From the complete dataset, there were 41 473 MUs identified. However, with RTS being the primary focus of this study, the ACL pre-surgery visit was excluded, resulting in a dataset of 29 800 MUs for CTRLs and 6-month and 12-month measures from ACL-injured. For sex or group (table 1), there were no differences between age, activity level, graft type or activity level by graft type (p=0.165). There were differences in mass for both sex and group and differences in height and mass for sex (table 1). Time from surgery for all ACLR was a median of 37 days (25 days, 94 days).

Maximal voluntary isometric contraction

For the quadriceps, the MVIC was highest for RSI-low (570 (IQR: 445, 786) N), which was not different from RSI-high (524 (420, 729) N; p=0.167), and both were different from CTRL (488 (394, 587) N; p<0.001). For the hamstrings, the MVIC was highest for RSI-low (335 (260, 417) N]), which was not different from RSI-high (334 (248, 385) N; p=0.401). However, both were different from CTRL (241 (196, 312) N; p<0.001).

MU recruitment thresholds

Median MU recruitment thresholds for the quadriceps for CTRL was 5.2 (1.8, 13.2) %MVIC, which was lower than RSI-high at 7.2 (2.0, 14.9) %MVIC (p<0.001). RSI-high was also higher than RSI-low at 5.3 (1.6, 14.5) %MVIC (p<0.001). For the hamstrings, CTRL was 10.6 (3.3, 22.2) %MVIC, which was higher than RSI-High at 9.9 (3.0, 20.1) %MVIC (p=0.03). Neither group differed from RSI-low at 10.5 (3.8, 20.6) %MVIC.

MU rate coding

AvgFR was observed for each of the four major thigh muscles (ie, VL, VM, BF and ST) with a linear relationship. For the VL, all groups were different from one another (p<0.001), with CTRL (16.3±0.2 pulses per second (pps)) having the highest AvgFR, followed by RSI-low (15.5±0.2 pps) and RSI-high the lowest AvgFR at (14.3±0.2 pps; figure 1). There were no differences between groups for the VM: 16.1±0.2, 16.5±0.2 and 16.1±0.2 pps for RSI-high, RSI-low, and CTRL, respectively (p>0.069; figure 1). For the BF, both RSI-low (17.0±0.2 pps) and RSI-high (16.1±0.2 pps) had higher AvgFR than healthy CTRL (15.7±0.2 pps; p<0.001; figure 1). For the ST, both RSI-low (19.0±0.2 pps) and RSI-high (18.1±0.2 pps) had higher AvgFR than healthy CTRL (17.5±0.2 pps; p<0.001; figure 1).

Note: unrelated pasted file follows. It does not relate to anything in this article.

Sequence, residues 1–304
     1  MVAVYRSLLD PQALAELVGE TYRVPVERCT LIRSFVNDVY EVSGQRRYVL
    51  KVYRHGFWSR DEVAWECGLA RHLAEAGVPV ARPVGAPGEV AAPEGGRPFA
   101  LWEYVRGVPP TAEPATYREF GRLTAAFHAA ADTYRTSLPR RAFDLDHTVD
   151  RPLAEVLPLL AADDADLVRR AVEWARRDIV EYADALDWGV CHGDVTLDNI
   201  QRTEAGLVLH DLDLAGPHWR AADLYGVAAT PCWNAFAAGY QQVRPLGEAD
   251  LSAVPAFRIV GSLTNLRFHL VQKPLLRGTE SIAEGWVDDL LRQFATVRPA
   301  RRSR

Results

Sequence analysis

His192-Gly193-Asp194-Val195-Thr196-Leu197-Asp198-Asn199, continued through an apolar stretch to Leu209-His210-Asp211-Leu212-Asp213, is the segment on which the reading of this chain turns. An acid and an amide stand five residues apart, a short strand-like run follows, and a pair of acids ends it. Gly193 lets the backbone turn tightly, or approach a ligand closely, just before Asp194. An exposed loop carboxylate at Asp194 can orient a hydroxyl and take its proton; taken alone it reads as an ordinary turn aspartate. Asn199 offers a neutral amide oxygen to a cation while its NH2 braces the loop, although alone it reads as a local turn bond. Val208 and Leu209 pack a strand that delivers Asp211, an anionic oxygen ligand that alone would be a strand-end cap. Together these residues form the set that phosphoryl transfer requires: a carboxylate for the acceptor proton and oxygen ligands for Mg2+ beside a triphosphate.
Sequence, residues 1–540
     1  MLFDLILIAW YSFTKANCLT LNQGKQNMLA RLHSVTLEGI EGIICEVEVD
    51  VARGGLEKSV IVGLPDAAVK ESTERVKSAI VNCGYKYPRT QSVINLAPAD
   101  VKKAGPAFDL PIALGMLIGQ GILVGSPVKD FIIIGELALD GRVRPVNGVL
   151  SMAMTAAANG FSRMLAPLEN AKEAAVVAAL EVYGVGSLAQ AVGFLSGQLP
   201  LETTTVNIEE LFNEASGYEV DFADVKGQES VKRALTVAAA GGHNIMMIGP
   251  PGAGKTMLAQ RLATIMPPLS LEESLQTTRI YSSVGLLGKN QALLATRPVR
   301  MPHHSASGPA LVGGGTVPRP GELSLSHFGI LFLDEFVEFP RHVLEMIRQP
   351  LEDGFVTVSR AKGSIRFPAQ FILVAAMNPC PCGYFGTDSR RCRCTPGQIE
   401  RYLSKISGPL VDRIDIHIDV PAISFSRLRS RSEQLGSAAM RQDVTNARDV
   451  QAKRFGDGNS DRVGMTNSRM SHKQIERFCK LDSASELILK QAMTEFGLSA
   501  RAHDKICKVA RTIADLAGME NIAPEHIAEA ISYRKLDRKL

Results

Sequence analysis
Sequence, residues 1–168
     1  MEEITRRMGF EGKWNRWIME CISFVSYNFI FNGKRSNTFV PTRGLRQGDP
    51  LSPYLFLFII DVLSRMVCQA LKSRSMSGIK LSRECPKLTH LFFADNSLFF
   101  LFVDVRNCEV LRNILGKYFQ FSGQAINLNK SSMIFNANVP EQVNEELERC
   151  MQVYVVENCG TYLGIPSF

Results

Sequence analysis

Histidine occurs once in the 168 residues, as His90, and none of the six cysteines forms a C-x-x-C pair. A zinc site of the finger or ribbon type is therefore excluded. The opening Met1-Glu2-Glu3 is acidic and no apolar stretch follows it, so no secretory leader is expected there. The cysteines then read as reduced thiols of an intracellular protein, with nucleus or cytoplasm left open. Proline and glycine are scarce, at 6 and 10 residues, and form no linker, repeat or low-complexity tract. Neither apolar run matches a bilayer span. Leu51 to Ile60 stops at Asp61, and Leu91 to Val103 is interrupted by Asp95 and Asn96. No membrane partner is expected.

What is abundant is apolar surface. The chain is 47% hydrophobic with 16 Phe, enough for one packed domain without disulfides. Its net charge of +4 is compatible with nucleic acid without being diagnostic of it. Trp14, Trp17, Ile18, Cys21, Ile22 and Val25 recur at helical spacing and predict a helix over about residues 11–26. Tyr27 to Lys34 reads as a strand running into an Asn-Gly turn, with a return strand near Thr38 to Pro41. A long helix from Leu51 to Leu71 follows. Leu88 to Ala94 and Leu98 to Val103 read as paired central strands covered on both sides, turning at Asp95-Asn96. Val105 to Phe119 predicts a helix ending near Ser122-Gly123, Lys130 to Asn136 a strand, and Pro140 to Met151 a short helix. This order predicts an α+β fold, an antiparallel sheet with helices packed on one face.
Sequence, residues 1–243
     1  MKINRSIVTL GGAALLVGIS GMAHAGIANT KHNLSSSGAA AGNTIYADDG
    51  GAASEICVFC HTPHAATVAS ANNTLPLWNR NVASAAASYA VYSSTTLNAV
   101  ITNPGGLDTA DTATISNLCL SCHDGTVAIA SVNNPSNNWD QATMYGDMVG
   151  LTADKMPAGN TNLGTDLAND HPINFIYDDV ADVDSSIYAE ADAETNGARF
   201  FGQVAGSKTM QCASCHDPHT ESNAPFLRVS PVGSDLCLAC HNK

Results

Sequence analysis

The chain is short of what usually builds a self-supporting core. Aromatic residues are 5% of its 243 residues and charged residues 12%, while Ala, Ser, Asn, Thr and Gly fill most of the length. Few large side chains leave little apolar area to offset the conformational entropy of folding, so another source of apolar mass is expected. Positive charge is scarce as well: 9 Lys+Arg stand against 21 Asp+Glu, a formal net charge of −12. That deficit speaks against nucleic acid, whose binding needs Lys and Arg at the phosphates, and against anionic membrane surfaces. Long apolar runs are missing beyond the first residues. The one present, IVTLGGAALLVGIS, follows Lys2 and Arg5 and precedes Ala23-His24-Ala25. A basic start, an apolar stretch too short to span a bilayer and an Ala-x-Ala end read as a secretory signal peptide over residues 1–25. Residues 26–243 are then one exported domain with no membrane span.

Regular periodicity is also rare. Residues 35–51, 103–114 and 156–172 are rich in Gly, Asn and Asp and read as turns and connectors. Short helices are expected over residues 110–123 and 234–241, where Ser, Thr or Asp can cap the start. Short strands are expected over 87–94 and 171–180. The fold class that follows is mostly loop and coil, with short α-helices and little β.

Figure 1

Linear regression of AvgFR by recruitment of thigh musculature at RTS. For the VL, the least squares mean (inset plot) demonstrates that the AvgFR for RSI-low and RSI-high was decreased compared with healthy CTRL. There were no differences between groups for the VM. Both RSI-low and RSI-high were significantly higher than healthy CTRL for the BF. For the ST, RSI-low and RSI-high were significantly higher than healthy CTRL (* denotes p<0.05, *** denotes p<0.001; line shading and error bars denote 95% CI of the mean). AvgFR, average firing rate; BF, biceps femoris; CTRL, control; RSI, return to sport after injury; RTS, return to sport; ST, semitendinosus; VL, vastus lateralis; VM, vastus medialis.

MU action potentials

A linear regression of MUAP by recruitment threshold for quadriceps (R2=0.46) revealed differences in all groups (p<0.001). For the VL specifically, a linear regression of MUAP by recruitment threshold (R2=0.48) revealed that CTRL had higher MUAP than RSI-low (p<0.001) and RSI-high (p<0.001; figure 2). RSI-high also had higher MUAP than RSI-low (p<0.001). For the VM specifically, a linear regression of MUAP by recruitment threshold (R2=0.44) demonstrated that both CTRL and RSI-high had higher MUAP from RSI-low (p<0.001; figure 2). RSI-high also had higher MUAP than RSI-low (p<0.001). A linear regression of MUAP by recruitment threshold for hamstrings (R2=0.35) revealed differences for all groups (p<0.001). Specifically for the BF, a linear regression of MUAP by recruitment threshold (R2=0.33) revealed that CTRL had higher MUAP than RSI-low (p<0.001) and RSI-high (p<0.001; figure 2). RSI-high also had higher MUAP than RSI-low (p<0.001). Specifically for the ST, a linear regression of MUAP by recruitment threshold (R2=0.42) demonstrated that CTRL had higher MUAP from RSI-low (p<0.001) and RSI-high (p<0.001; figure 2). RSI-high also had higher MUAP than RSI-low (p<0.001).

Figure 2

Linear regression of MUAP peak-to-peak amplitude by recruitment threshold at RTS. MUAPs are a surrogate for MU size. For each muscle, all groups were different (p<0.001), with CTRL having larger least squares mean (inset plot) MUAP than both ACL-RSI-low and RSI-high; RSI-high similarly had larger MUAP than RSI-low. ACL, anterior cruciate ligament; CTRL, control; MUAP, motor unit action potential; RSI, return to sport after injury; RTS, return to sport.

MU total force contribution

A linear regression of MU force contribution by recruitment threshold for quadriceps (R2=0.43) revealed differences for all groups. Specifically for the VL, MU force contribution by recruitment threshold (R2=0.43) revealed that CTRL had a higher MU force contribution than RSI-low (p<0.001) and RSI-high (p<0.001; figure 3A), with RSI-low being lower than RSI-high (p<0.001). For the VM, MU force contribution by recruitment threshold (R2=0.43) demonstrated the exact relationship as the VL with CTRL higher than RSI-low and RSI-high (p<0.001; figure 3B), with RSI-low being lower than RSI-high (p<0.001). For the BF, a linear regression of MU force contribution by recruitment threshold (R2=0.27) revealed that CTRL had higher MU force contribution than RSI-low (p<0.001) and RSI-high (p<0.001; figure 3C), with RSI-low lower than RSI-high (p=0.002). For the ST, a linear regression of MU force contribution by recruitment threshold (R2=0.32) demonstrated that CTRL had higher MU force contribution from RSI-low (p<0.001) and RSI-high (p<0.001; figure 3D). RSI-high also had higher MU force contribution than RSI-low (p<0.001).